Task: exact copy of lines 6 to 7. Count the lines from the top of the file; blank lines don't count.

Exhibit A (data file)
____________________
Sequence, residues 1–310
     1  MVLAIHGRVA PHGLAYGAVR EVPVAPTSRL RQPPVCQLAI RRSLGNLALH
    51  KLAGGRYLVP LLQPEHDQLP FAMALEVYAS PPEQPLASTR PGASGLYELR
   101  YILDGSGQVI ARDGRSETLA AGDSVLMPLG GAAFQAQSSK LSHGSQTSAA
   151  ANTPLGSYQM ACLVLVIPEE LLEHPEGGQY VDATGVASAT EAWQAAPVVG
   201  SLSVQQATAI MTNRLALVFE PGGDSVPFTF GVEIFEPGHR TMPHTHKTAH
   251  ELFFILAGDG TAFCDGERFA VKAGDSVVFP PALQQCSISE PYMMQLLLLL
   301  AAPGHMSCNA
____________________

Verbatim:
   201  SLSVQQATAI MTNRLALVFE PGGDSVPFTF GVEIFEPGHR TMPHTHKTAH
   251  ELFFILAGDG TAFCDGERFA VKAGDSVVFP PALQQCSISE PYMMQLLLLL